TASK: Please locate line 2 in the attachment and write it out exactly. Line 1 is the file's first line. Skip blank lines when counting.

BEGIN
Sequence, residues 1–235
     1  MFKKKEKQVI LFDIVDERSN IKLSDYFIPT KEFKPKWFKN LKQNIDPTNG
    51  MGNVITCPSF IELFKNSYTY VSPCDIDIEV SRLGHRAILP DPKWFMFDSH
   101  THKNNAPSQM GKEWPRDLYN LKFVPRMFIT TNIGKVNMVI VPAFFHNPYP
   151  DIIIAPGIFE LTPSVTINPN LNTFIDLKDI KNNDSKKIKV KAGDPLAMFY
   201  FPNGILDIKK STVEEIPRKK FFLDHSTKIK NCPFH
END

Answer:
     1  MFKKKEKQVI LFDIVDERSN IKLSDYFIPT KEFKPKWFKN LKQNIDPTNG